Hollywood thriller "Zero Dark Thirty" hasn't been officially distributed in Pakistan, but through bootleg and pirated copies the film has been watched, criticized and unofficially banned. Pakistan's mainstream press was critical but balanced. “Though sharp in its production and direction and largely accurate in depicting the events that led to the death of Osama Bin Laden,” wrote columnist, Nadeem Farooq Paracha, in Dawn newspaper. “It went ballistic bad in depicting everyday life on the streets of Pakistan.”
The country’s major movie companies decided not to buy the film from international distributors. Mohsin Yaseen, general manager of Cinepax, the largest multiplex chain in Pakistan, told NBC the country’s major movie companies decided not to buy the film from international distributors.
“As a local distributor, there was no financial viability for me. The film was already widely available in the [pirated] DVD market. But as a film buff, the movie was inaccurate about Pakistan. If you’re going to say something about a complicated part of the world, then you should say it right.”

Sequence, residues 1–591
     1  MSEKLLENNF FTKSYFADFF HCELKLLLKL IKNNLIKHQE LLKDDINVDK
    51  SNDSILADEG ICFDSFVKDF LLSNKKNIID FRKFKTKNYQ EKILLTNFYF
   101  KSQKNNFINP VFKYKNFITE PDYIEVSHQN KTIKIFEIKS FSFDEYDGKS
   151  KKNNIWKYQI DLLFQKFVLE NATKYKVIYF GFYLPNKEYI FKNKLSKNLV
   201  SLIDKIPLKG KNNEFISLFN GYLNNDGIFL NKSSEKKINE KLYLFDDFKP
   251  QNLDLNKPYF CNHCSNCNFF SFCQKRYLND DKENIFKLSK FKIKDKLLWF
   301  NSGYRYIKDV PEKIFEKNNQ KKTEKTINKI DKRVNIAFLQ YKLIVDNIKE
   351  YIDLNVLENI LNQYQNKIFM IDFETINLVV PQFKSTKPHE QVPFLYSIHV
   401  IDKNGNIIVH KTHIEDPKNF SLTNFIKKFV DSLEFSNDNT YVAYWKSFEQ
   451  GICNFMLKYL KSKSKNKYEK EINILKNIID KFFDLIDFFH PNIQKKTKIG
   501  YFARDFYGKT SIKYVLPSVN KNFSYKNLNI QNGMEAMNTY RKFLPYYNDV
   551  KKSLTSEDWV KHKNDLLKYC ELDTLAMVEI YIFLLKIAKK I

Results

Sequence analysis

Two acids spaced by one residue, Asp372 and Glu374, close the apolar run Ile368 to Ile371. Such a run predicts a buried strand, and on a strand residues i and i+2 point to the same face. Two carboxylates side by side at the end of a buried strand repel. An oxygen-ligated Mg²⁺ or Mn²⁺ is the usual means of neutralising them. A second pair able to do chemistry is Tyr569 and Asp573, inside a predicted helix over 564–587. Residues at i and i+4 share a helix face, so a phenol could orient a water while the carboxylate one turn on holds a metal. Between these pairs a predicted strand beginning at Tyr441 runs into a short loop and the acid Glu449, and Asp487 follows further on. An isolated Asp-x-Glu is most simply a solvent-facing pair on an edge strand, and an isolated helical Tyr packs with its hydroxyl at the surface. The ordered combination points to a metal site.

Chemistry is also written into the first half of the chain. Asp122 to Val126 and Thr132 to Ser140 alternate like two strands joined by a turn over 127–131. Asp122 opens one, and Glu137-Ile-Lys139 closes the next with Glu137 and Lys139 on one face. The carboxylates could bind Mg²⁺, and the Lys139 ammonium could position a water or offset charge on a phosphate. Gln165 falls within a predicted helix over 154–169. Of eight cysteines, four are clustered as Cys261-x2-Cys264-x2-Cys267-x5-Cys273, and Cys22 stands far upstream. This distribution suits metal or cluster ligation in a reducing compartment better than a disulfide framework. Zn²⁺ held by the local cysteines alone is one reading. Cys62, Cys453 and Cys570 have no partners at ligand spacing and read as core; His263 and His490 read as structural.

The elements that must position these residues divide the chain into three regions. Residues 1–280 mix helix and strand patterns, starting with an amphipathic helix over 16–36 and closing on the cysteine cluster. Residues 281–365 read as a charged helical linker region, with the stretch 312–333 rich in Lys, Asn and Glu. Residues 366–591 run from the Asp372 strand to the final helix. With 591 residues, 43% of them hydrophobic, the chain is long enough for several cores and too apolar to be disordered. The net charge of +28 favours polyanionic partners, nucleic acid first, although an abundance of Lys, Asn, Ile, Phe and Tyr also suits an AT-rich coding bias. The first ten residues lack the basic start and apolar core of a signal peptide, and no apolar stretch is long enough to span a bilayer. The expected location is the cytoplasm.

Some in the local film distribution industry think the "ban" is being overhyped ahead of the Oscars. Nadeem Mandviwalla, chief executive of Mandviwalla Entertainment said "there are tons of movies that don’t make it here. And it was bad business modeling to bring this movie to Pakistan."
But a shop owner in Islamabad told a different story. “There were four of them. Two stood outside, as if on guard, and two came inside and told us that 'Zero Dark Thirty' was banned,” said the man who asked not to be named. “They said they were from Aabpara [the local neighborhood that headquarters the ISI]. They asked us to send the DVDs back to the warehouse, and they took a few discs back for themselves. They were very polite."